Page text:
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Hunter Jacques Mallet, who shot the animal at Saint-Simon, near Caraquet on April 6, told CBC News he's surprised and saddened by the confirmation that it was a wolf. (Courtesy of Roger Lanteigne)

The Department of Natural Resources is focusing on protecting wolves in the province after confirming a wolf was shot last month on the Acadian Peninsula.

"We're pretty excited about the discovery of a wolf in the province," said Joe Kennedy, biologist for DNR’s Big Game, Furbearer and Fisheries section.

"We've heard trappers talking about very large coyotes or wolves that they've caught but we've never actually had our hands on an animal before. This is the first time we've had good scientific proof that we’ve had a wolf."

Until this wolf was shot, biologists believed the species to have been hunted to extinction more than 100 years ago.

But earlier this week, DNA tests confirmed the 88-pound animal shot by a hunter near Caraquet was a mix of grey wolf and Eastern wolf, not the more common coyote.

"Right now we’re just planning on monitoring," he said, "We haven't really had any discussions at all, it's quite early in the whole game for us to start thinking about options."

Don McAlpine, a zoologist at the New Brunswick Museum in Saint John, said he believes the wolf may have originally come from Quebec.

Wolf populations have been increasing there, as well as Ontario and the northeastern United States in recent years, he said.

"This animal is a male, we suspect probably a younger animal, so it's not unusual that we would find an individual like this move into perhaps new territory," said McAlpine.

Wolves in the province of New Brunswick are listed as extirpated or eradicated but Kennedy said the species' status may need to change if there is a resurgence in the wolf population.

Kennedy said any status assessment done would have to follow government guidelines and be performed by qualified biologists.

"We would rely on their scientific assessments on how to list the species depending on how many animals are occurring in the province."

Pet speculation

The Department of Natural Resources said it was looking into the possibility that the wolf may have originally been someone's escaped pet.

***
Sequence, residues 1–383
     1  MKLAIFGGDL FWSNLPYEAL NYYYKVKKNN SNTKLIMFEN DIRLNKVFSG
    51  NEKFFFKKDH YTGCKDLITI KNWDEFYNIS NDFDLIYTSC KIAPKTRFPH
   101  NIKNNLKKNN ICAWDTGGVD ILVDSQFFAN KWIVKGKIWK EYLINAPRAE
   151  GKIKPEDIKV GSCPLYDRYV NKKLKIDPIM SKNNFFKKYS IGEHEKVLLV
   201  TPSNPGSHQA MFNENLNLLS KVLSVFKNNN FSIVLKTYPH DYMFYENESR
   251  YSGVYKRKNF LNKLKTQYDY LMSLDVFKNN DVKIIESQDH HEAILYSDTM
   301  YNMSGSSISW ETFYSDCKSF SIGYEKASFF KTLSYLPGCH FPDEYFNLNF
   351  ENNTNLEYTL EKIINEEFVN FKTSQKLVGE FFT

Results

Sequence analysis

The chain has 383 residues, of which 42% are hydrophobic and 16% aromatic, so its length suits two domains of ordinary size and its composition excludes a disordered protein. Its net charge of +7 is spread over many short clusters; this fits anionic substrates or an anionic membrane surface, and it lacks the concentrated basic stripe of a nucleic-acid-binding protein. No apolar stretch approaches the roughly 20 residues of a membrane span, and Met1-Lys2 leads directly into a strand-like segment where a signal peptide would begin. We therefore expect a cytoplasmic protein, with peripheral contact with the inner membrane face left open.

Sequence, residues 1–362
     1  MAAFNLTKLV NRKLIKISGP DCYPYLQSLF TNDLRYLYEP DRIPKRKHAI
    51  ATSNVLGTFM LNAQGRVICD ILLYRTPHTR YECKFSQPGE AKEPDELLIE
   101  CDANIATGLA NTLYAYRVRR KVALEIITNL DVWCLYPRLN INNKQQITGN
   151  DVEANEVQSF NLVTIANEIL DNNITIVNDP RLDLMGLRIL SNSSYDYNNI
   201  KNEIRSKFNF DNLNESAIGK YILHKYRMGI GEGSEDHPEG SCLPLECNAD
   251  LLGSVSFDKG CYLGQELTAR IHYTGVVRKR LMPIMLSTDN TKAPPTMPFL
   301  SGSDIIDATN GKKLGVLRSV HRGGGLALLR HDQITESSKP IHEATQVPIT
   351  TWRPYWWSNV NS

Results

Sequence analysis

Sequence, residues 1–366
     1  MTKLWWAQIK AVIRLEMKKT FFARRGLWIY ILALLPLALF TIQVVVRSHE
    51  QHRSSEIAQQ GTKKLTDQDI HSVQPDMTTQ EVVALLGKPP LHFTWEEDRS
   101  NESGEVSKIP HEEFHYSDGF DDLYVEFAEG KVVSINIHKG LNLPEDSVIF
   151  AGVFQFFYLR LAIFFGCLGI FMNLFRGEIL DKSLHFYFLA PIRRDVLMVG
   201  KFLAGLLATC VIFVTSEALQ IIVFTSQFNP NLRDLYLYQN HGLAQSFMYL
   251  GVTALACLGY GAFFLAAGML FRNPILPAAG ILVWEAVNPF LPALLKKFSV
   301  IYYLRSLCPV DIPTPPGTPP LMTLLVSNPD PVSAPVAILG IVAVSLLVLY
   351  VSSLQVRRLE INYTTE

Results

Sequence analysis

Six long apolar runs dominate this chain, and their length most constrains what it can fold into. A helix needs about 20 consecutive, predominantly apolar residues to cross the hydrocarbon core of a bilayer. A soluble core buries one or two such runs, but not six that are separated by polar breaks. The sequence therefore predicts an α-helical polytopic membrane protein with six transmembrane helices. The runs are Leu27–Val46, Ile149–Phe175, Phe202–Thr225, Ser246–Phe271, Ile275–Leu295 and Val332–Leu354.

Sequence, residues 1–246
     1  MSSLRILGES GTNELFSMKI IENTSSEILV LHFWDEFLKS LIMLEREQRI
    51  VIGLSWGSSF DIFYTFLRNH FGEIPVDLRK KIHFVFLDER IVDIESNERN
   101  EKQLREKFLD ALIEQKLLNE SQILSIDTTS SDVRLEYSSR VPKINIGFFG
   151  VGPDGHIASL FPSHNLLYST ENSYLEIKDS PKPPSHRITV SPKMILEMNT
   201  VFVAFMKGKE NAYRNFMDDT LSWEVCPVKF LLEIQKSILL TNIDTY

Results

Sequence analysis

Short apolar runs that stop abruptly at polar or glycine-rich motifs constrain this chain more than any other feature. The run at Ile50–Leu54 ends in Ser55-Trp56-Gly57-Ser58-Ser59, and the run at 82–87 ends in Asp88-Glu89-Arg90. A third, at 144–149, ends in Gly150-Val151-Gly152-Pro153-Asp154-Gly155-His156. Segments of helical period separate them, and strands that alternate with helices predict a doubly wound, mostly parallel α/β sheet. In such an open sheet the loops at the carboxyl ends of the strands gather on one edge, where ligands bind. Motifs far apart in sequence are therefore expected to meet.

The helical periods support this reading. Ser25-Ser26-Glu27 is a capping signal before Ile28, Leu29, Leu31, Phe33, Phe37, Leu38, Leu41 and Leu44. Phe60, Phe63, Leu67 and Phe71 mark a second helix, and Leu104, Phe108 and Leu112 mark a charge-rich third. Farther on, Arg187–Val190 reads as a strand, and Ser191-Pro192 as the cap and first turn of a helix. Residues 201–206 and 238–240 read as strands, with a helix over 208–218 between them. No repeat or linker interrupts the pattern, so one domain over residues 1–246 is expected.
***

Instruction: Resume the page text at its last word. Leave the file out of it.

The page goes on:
"After we've actually had our hands on the animal, there's nothing obvious would indicate that to us right now," said Kennedy.

"We've had reports from Maine… now Maine had 10 or 12 wolves shot or trapped in their state over the last 10 years, five of those wolves had evidence of being held captive, one was neutered for example. So we are going to look right now at this animal to see if there's any sign."

Too early for any decisions

It's still early too early to make any decisions about habitat protection, said Kennedy. He said there is plenty of moose and deer habitat in the province but is not sure what other requirements may be necessary to support a wolf population.

"I don't know. From what I understand of wolves, it's a food-based issue, is there adequate habitat for its primary food, which is deer and moose," he said.

"Frankly this is new to us, and I’m no wolf expert."

Kennedy said an increase in sightings and other evidence of wolves in the province such as tracks would mean DNR would likely start an education program, so hunters don't mistakenly shoot them.

But Kennedy admits it's often difficult to determine if an animal is a wolf or one of its closely related cousins, coyotes.

He said the two species have similar coat colours and although wolves are often much bigger than coyotes, he has seen some very large coyote specimens. 

"There's very strong similarities in appearance between to the two animals and occasionally there's not a great size difference," Kennedy said.